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photograph of current display in the Grand Vestibule

A display highlighting the interaction between the monarchy and the wider world

The Prince of Wales's Tour of the Indian Subcontinent, 1875-76

The British monarchy's connection to the Indian subcontinent dates from 1600, when a Royal Charter granted the British East India Company a monopoly over trade with ‘the East Indies’. By the nineteenth century, the company had changed from a trading body into a territorial and political power in India.

In 1858, the company was dissolved in favour of British Crown rule. Two-thirds of the subcontinent was ruled by the ‘British Raj’, a combination of the India Office in London, the British Indian Government and the Viceroy, with Queen Victoria as head of state.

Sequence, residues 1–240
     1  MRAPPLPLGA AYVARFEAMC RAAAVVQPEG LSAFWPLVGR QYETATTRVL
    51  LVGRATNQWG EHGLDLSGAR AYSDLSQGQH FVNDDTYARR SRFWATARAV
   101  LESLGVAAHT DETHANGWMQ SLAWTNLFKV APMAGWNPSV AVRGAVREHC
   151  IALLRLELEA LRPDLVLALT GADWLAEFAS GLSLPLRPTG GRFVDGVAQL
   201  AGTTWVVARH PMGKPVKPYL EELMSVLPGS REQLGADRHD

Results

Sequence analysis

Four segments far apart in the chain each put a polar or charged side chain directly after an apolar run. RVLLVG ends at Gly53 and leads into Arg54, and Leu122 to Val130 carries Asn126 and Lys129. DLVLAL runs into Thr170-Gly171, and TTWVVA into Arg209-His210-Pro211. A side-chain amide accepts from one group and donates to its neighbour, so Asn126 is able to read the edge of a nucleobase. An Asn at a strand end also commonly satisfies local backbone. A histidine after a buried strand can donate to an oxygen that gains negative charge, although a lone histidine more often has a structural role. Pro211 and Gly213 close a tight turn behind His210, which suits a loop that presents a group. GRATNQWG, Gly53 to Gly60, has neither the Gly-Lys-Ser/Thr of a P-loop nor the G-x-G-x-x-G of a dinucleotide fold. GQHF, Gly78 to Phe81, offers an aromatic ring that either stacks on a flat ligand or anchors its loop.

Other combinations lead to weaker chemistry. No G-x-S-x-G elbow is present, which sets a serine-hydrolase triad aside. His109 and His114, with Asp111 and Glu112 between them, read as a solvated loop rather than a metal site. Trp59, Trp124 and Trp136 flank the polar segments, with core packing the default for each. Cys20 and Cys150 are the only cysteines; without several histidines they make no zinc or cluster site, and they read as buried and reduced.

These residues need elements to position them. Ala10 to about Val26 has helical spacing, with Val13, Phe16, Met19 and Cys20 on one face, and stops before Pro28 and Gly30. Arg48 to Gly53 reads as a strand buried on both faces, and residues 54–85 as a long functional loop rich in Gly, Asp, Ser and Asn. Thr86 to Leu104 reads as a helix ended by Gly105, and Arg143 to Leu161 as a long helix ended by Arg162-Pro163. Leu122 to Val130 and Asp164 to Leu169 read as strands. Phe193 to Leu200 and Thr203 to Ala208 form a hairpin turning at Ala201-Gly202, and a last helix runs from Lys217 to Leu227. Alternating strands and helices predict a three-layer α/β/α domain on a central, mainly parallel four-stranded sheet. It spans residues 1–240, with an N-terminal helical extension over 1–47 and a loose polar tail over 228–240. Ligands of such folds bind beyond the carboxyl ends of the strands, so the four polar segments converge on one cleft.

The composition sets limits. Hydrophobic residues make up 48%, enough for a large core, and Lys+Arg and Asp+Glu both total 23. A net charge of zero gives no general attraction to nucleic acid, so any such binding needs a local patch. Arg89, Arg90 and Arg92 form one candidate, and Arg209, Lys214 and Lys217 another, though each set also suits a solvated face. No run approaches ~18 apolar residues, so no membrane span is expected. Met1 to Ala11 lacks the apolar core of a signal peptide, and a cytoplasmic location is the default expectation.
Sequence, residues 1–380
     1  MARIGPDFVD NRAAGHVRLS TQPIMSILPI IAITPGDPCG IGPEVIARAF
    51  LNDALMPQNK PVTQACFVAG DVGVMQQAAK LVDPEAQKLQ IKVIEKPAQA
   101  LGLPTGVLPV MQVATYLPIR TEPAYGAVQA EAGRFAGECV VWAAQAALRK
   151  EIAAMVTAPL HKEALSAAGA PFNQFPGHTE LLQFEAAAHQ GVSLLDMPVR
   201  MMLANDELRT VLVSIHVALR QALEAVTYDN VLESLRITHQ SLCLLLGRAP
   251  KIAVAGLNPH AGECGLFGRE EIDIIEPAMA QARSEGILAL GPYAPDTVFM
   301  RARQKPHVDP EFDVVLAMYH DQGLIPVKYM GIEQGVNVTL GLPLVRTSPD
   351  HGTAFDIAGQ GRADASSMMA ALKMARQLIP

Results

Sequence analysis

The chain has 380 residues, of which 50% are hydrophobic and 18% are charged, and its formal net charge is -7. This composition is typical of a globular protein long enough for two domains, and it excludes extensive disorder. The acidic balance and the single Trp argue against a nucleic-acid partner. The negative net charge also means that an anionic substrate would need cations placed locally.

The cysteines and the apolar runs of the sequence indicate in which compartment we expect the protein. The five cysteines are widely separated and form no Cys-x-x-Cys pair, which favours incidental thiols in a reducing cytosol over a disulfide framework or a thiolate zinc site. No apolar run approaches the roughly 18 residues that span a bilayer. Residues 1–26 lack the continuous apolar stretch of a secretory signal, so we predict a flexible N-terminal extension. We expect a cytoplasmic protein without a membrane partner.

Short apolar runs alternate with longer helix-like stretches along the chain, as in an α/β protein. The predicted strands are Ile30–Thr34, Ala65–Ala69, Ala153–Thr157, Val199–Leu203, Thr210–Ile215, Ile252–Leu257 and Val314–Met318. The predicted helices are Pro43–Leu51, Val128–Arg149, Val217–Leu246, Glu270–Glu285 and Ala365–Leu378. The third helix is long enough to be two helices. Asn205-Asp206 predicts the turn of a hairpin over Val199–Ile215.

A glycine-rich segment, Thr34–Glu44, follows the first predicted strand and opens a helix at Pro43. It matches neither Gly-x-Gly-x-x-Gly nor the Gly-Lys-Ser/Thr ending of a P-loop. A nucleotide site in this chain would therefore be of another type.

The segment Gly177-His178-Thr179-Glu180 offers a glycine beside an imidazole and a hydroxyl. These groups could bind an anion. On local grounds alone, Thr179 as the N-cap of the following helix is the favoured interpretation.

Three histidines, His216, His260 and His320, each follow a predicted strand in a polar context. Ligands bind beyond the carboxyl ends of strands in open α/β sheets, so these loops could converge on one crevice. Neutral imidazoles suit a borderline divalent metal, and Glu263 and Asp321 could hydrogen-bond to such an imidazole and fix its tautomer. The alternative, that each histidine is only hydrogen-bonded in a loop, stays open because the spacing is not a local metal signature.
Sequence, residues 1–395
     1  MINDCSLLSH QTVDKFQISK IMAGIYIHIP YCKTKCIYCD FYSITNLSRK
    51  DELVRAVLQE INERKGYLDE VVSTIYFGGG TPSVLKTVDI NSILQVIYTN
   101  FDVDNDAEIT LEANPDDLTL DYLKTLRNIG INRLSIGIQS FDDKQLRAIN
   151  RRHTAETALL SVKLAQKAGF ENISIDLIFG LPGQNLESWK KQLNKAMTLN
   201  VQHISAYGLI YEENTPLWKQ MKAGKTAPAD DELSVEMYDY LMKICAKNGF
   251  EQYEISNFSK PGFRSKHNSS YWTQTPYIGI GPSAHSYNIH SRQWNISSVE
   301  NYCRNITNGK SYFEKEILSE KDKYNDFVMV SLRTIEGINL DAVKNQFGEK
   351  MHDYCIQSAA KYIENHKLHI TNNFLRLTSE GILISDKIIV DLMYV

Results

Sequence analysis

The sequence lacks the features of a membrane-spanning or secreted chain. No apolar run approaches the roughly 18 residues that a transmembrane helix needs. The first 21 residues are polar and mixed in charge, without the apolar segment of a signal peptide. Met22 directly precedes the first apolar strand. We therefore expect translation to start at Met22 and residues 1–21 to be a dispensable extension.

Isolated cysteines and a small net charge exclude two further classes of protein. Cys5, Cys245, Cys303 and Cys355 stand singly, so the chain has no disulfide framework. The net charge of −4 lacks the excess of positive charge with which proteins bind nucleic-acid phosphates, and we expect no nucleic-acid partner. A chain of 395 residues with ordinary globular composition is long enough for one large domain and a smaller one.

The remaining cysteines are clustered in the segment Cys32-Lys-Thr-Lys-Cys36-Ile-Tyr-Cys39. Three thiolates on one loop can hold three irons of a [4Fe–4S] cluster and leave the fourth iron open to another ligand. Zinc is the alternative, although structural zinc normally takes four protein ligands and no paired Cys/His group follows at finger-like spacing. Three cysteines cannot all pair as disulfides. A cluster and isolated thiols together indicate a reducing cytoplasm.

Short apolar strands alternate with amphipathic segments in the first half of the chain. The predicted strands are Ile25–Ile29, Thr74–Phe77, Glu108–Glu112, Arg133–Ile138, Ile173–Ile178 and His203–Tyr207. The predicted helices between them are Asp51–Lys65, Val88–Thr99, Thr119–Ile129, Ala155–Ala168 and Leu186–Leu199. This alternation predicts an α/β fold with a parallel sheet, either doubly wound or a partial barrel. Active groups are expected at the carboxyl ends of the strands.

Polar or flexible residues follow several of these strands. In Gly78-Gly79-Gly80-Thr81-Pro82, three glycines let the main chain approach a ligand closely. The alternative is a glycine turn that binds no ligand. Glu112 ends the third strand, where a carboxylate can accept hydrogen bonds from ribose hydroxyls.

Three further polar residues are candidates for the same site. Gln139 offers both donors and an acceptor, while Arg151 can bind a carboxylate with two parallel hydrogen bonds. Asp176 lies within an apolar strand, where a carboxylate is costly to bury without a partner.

The remainder of India (more than 560 principalities) was governed by Indian rulers linked to the British Raj by a resident governor. It was important for the monarchy to establish diplomatic links with these rulers, and so in October 1875 Albert Edward, Prince of Wales, embarked on a four-month tour of the subcontinent. His route spanned more than 20 localities which today encompass India, Sri Lanka, Pakistan and Nepal. The prince exchanged gifts with each of the 90 rulers he met and returned to Britain with an extraordinary collection of Indian works of art.